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547 Ab Imperio, 2/2002 Ekaterina DYOGOT HOW TO QUALIFY FOR POSTCOLONIAL DISCOURSE Here are the two typical conversations about Russia between a person living outside of it (A) and a person living inside of it (B): 1) A: “Everything here is like in the West (finally).” B is offended. 2) A: “Nothing here is like in the West (still).” B is offended. Note that B is offended whatever A’s attitude may be, approving or critical, and regardless of the identity of A: a former Soviet émigré, a never-Soviet American, or a happy post-Russian Estonian. Generally speaking, any cultural dialogue on Russia fits into these two models, and a dead end is only more or less succesfully masked. What can be done to make this dialogue more productive? A might suggest, “B must stop being offended and start simply discussing the matter – agreeing or disagreeing within the given frame.” Conversely, B might say, “A must stop giving frames, stop his comparisons with the West, and shut up.” This may sound naive, but there are others – other “Others,” to be more precise – who have done so. An African-American writer shares with us the following observation: because of his skin color, no white couple will leave a tip on the restaurant table near him. He knows the problem of distrust. “I know it, too!” the Russian writer screams. His or her skin is not black, but by workers in foreign embassies and customs officers he or she is invariably treated as a potential thief, beggar, or prostitute. He is the Other, but has no Other’s rights, the most important 548 E. Dyogot, How to Qualify for Postcolonial Discourse of which is the right to speak for himself: the African-American writer is given that right without question. Similarly, no man today would dare tell a woman who or what she is – that is for her to tell to him. When the Other is speaking, those who are not must be silent. This policy was conceived outside of Russia. The strategy of proclaiming Russia a space for the West’s dreams to come true, “the subconscious of the West” (Boris Groys), while popular during its inception in the 19th century, is now nothing more than banal. Its other versions have proven to be more theoretical and flexibile. The “Negritude” theory (formed in France in the 1930s) regarded the African as Europe’s Other and claimed that, for the world to achieve wholesomeness, it had to become “creolized,” because theAfricans’musicality, emotionality, and sexuality were the very qualities that Europe had suppressed. Meanwhile, such notions as “black = sexual” or “black = emotional” when expressed by whites would be qualified as racist, and their perception of the African culture as exotic would be seen as reactionary, imperialistic and hierarchical. Thus, the identity of the speaker becomes crucial. All this is easily applicable to Russian identity. There are, indeed, plenty of examples of how the West usurps the right to represent Russia and exploits it discursively. An ambitious theoretical statement from a Russian scholar is sometimes discouraged; often the only thing he can provide is a regional report, even in the best of cases. “Studying oysters, I am hardly interested in what they think about themselves,” an important Slavic scholar privately formulated. A Russian journalist is often disbelieved until a Western one emerges with a concurring opinion. A Russian artist or filmmaker, in order to be interesting to the West, is often required to be different, exotic, and almost dangerous. His independence from Western (i.e. universal) standards, both moral and aesthetic, is easily labeled as nationalism, while his sincere interest in these norms (as by some over-serious filmmakers) makes him into something even worse – a banality. The Western demand for the non-Western artist to keep from being different was long ago criticized as cultural imperialism. It is, however, exactly the opposite that has now become the more pressing problem. The increasing demand for the Russian artist to be different (in a Westernpredicted way), and to fight the cultural imperialism of Coca-Cola, Versace, Tarantino, and Baudrillard in order to show the “real Russia” – this is what is seen as...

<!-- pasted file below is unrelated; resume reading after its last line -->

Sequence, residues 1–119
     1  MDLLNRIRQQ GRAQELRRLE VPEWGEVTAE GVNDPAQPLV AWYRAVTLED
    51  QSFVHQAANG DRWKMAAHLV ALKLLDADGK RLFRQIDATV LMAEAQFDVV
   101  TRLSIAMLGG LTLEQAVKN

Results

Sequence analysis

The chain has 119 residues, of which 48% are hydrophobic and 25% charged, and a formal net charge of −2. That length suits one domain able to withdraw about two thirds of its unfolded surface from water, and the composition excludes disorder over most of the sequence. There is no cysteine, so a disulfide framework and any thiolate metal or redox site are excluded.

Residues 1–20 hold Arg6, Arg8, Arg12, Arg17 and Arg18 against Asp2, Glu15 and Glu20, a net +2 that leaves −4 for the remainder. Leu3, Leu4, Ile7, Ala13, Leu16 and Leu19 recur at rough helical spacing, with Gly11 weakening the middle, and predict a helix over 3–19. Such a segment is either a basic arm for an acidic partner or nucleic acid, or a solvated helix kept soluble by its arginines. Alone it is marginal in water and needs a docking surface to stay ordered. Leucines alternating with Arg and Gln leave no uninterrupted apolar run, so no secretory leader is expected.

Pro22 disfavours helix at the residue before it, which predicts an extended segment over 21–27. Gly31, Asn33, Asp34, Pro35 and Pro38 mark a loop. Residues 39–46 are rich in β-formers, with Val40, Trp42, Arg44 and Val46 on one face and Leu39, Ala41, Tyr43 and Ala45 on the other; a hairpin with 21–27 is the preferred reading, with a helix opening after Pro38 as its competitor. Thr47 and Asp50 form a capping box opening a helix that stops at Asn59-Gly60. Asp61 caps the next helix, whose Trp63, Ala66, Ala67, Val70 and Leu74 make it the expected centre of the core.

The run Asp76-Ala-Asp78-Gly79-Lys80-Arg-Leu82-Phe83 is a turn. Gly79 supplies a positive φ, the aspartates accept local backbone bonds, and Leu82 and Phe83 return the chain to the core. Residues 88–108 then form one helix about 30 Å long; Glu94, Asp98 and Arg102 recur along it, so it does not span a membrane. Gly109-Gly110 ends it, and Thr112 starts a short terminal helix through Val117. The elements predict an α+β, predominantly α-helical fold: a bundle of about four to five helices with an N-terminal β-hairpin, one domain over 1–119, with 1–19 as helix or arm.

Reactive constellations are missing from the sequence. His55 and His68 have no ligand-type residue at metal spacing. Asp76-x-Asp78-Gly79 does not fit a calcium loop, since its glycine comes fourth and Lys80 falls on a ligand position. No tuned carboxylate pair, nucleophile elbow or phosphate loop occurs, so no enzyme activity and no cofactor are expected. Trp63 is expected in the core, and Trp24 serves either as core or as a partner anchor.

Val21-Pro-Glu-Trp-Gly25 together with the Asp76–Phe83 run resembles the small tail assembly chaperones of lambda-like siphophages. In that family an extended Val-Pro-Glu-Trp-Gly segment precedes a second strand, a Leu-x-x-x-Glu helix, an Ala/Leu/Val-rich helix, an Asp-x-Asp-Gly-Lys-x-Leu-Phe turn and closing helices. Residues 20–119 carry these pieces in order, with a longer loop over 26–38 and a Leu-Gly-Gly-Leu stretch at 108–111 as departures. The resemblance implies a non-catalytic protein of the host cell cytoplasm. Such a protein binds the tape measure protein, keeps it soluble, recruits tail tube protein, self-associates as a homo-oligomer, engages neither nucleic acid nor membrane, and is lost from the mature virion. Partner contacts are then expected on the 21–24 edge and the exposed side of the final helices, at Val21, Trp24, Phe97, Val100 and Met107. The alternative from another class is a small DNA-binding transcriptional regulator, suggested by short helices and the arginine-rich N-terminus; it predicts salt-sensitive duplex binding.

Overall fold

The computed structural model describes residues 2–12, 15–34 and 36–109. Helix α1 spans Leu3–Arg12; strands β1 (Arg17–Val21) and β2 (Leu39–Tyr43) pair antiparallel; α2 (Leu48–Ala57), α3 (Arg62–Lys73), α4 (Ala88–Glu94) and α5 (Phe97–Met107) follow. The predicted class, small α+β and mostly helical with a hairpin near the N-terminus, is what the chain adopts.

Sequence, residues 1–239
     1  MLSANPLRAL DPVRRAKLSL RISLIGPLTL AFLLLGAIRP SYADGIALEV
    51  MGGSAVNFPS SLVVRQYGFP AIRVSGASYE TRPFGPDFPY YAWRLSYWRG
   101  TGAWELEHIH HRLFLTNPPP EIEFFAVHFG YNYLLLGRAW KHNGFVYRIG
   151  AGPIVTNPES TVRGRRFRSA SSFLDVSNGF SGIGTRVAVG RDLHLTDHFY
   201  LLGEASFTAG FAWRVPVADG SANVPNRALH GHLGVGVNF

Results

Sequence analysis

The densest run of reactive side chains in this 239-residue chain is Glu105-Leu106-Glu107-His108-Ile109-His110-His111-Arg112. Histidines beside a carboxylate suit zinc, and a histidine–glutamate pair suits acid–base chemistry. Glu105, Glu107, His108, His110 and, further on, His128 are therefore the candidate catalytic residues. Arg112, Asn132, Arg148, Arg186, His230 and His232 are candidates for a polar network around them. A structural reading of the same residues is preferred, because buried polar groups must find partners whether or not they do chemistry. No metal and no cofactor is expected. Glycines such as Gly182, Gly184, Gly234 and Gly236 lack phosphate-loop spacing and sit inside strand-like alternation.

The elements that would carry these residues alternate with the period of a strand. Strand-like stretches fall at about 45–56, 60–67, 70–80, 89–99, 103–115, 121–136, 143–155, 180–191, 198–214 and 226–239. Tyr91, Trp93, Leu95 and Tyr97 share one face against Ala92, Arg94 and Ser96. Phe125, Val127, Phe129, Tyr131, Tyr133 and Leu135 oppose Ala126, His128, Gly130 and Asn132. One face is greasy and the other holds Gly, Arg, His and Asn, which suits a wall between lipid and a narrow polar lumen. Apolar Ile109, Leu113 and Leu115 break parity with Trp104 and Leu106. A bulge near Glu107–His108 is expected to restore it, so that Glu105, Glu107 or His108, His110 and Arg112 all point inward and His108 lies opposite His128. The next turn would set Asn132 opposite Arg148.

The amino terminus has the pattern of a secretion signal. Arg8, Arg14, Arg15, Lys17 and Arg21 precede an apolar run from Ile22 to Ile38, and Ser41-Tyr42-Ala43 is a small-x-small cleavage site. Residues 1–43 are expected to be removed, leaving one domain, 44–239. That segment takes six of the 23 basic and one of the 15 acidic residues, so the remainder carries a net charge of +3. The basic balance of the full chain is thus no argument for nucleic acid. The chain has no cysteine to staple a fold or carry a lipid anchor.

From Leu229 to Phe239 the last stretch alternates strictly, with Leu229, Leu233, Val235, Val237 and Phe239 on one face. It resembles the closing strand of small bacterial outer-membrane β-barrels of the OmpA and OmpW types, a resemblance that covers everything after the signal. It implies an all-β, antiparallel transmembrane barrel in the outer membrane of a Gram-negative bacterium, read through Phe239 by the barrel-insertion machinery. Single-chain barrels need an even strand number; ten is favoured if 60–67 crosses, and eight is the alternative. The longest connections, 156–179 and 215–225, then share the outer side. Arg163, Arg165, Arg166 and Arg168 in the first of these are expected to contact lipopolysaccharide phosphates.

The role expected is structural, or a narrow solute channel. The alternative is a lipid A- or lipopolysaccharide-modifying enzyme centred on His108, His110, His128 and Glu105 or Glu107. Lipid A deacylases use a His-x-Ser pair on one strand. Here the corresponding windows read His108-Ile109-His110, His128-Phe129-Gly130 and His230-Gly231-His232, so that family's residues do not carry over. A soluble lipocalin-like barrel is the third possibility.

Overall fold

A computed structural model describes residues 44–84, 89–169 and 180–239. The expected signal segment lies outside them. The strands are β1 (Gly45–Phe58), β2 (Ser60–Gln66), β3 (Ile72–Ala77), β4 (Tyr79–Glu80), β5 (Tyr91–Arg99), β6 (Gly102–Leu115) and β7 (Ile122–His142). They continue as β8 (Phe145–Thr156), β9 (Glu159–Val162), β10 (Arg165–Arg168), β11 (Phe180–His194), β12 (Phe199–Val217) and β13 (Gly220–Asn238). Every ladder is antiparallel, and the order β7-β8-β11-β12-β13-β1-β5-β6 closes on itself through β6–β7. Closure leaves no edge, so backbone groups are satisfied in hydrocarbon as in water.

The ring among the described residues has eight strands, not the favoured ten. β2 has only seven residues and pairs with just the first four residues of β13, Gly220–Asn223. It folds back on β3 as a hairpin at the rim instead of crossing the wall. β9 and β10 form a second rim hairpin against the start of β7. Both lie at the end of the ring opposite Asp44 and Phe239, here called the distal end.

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Additional Information

ISSN
2164-9731
Print ISSN
2166-4072
Pages
pp. 547-550
Launched on MUSE
2015-10-07
Open Access
No
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